In the instant case, by a letter dated December 28, 1990, Dr. Levin explained that he could not render an opinion regarding whether the claimant’s condition was related to the vaccination of the claimant on April 27, 1990 because several questions were left unanswered.2 (Finding of Fact No. 16). Over two years later, the respondents conducted a deposition of Dr. Levin on September 30, 1993, which was attended by the claimant, during which Dr. Levin testified that in his opinion, the vaccination was not a cause of the claimant’s medical condition. (Finding of Fact f). Subsequently, formal hearings were held on January 28, 1993, September 15, 1993, and December 20, 1993.

Under these circumstances, the claimant had ample time, approximately three years, to obtain a medical opinion which supported her contention that her medical condition was causally related to the vaccine. We note that Dr. Levin in his report dated August 13, 1994 does not provide any reason for his inability to provide this report during the formal hearings. The claimant does not contend that Dr. Levin’s report of August 13, 1994 was based on any new or undiscoverable information such as new medical research. Thus, we cannot find that the proffered evidence was really new or that it was undiscoverable with due diligence at the time of the original hearings. See Lesczynski, supra., see also Murdock v. Squires, 6 Conn. Workers’ Comp. Rev. Op. 64, 66, 550 CRD-7-87 (Dec. 1, 1988). We conclude that the claimant has failed to show good reason for her failure to present the medical report on the issue of causation at the formal hearing before the commissioner.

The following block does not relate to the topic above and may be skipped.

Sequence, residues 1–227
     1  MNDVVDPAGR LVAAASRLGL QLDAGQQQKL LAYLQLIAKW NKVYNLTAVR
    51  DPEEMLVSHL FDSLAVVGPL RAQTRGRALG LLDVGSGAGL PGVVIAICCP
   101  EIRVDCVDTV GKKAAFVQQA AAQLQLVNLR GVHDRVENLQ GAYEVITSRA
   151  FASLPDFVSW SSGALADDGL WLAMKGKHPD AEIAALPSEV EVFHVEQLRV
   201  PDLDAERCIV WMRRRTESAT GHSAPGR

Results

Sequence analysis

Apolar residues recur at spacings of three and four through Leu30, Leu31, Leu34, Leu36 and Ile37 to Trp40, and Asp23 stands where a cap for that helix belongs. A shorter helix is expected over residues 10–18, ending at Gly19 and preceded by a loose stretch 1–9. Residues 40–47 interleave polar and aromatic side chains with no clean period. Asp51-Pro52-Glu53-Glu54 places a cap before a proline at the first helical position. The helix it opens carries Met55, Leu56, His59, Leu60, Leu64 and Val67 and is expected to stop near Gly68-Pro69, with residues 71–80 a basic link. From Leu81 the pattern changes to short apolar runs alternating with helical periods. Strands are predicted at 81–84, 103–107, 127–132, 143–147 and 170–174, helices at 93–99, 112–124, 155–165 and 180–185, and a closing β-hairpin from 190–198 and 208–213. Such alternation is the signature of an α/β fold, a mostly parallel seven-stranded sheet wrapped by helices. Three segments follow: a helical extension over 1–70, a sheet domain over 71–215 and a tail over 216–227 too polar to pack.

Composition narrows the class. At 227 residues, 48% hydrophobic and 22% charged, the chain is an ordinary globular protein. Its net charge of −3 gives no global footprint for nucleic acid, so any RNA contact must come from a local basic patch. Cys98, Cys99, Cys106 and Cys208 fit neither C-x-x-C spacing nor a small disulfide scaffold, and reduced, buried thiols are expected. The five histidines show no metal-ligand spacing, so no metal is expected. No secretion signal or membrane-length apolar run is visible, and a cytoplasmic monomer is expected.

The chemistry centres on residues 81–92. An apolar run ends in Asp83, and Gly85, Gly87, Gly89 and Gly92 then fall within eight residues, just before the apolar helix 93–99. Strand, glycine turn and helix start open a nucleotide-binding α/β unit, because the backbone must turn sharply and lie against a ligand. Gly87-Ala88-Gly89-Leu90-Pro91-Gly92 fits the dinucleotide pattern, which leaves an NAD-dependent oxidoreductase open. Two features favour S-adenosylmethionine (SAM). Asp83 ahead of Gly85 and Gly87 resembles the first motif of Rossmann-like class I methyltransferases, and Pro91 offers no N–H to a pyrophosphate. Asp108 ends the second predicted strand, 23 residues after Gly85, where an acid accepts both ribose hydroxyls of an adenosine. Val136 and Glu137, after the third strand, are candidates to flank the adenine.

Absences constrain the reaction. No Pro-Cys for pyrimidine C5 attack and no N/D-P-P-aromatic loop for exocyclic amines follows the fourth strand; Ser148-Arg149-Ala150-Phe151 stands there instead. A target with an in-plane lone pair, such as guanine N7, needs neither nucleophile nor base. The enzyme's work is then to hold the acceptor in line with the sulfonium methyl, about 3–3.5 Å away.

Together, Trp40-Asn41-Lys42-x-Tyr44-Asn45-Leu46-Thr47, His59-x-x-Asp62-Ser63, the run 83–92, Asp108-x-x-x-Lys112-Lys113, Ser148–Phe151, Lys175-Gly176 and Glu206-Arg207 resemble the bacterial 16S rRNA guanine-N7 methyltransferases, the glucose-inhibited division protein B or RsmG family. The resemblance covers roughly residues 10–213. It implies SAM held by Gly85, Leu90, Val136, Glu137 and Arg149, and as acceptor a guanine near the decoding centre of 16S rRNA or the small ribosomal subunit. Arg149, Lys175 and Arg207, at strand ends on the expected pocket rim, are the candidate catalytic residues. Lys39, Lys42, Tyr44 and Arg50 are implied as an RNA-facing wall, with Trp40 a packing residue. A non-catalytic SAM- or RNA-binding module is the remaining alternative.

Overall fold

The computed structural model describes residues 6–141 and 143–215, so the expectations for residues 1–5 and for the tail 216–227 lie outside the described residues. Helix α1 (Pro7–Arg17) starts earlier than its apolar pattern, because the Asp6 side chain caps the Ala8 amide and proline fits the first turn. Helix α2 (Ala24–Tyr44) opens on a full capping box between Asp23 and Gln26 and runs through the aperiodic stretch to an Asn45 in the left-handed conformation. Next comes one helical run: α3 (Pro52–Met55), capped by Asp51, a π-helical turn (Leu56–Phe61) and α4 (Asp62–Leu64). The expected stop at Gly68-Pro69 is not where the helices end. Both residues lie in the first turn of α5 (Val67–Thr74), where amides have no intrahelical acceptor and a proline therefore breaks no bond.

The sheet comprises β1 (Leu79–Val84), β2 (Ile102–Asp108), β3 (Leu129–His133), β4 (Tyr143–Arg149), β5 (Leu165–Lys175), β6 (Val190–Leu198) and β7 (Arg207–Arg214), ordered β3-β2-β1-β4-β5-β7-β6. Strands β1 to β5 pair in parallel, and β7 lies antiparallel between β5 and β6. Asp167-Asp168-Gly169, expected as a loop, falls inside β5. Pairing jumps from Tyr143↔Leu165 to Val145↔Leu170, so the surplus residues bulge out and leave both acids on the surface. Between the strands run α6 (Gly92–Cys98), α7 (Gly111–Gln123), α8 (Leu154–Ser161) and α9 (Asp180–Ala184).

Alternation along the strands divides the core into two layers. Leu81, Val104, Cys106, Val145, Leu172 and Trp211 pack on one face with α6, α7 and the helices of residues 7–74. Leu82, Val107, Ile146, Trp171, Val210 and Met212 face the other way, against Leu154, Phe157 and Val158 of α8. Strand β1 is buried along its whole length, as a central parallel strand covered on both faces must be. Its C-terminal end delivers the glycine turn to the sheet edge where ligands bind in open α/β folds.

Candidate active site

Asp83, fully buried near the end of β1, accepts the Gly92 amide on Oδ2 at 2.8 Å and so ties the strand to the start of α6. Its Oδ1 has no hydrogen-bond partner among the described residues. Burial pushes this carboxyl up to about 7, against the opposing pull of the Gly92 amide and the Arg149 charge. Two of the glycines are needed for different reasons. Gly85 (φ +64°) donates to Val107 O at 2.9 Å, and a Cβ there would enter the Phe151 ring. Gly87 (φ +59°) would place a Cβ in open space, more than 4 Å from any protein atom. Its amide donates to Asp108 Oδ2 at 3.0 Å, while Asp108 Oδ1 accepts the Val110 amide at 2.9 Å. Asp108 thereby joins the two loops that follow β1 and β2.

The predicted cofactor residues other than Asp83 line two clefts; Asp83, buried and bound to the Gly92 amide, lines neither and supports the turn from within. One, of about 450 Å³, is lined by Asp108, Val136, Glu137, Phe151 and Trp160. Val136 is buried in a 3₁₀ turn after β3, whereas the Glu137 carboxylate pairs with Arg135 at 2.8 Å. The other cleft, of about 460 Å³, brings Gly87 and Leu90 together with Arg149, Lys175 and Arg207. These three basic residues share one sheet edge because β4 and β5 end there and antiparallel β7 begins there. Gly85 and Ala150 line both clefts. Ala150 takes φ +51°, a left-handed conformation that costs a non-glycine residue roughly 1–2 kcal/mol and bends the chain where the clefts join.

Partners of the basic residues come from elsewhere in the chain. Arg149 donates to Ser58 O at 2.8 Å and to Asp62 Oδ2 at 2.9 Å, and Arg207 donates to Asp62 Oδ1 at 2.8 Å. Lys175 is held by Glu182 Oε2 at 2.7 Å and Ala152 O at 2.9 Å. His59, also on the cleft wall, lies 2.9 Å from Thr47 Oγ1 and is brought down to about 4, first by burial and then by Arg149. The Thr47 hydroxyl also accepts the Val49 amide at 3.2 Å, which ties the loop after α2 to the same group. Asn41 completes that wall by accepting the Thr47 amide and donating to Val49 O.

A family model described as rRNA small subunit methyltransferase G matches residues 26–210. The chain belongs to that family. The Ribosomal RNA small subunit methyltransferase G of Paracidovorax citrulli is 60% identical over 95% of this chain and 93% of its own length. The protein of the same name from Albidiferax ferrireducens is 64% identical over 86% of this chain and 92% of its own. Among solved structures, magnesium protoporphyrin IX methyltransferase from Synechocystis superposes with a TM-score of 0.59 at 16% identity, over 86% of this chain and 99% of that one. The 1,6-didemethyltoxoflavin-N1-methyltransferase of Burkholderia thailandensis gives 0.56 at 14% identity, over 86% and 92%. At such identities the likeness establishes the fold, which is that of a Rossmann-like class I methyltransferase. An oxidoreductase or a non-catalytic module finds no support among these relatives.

The claimant cites Canfield v. Consolidated Freightways, 10 Conn. Workers’ Comp. Rev. Op. 59, 1125 CRD-7-90-10 (Feb. 21, 1992). However, that decision is distinguishable from the case at hand in that Canfield involved the issue of whether surgery should be performed, and the claimant in that case sought to introduce evidence that the claimant’s treating physician had changed his opinion on this issue after the commissioner’s decision was issued. In contrast, the instant case involves the issue of causation, and the claimant has offered no reason for Dr. Levin’s three-year delay in providing his opinion dated August 13, 1994. We conclude that the claimant has failed to satisfy the requirements of Conn. Agencies Reg. § 31-301-9.

We , therefore, deny the claimant’s Motion to Submit Additional Evidence.

Commissioners Roberta Smith D’Oyen and Amado J. Vargas concur.

1 At oral argument on March 10, 1995, the respondents abandoned their motion to dismiss dated February 3, 1995. BACK TO TEXT

2 Dr. Levin stated in the letter that in order to decide whether the claimant’s condition was related to the vaccine, he needed to know the strain of the virus the claimant had been immunized with, whether the claimant “had a titer drawn for rubella prior to the immunization”, and “whether chronic arthralgia is seen after immunization that is present greater then 6 months following rubella immunization.” (Claimant’s Exhibit E). BACK TO TEXT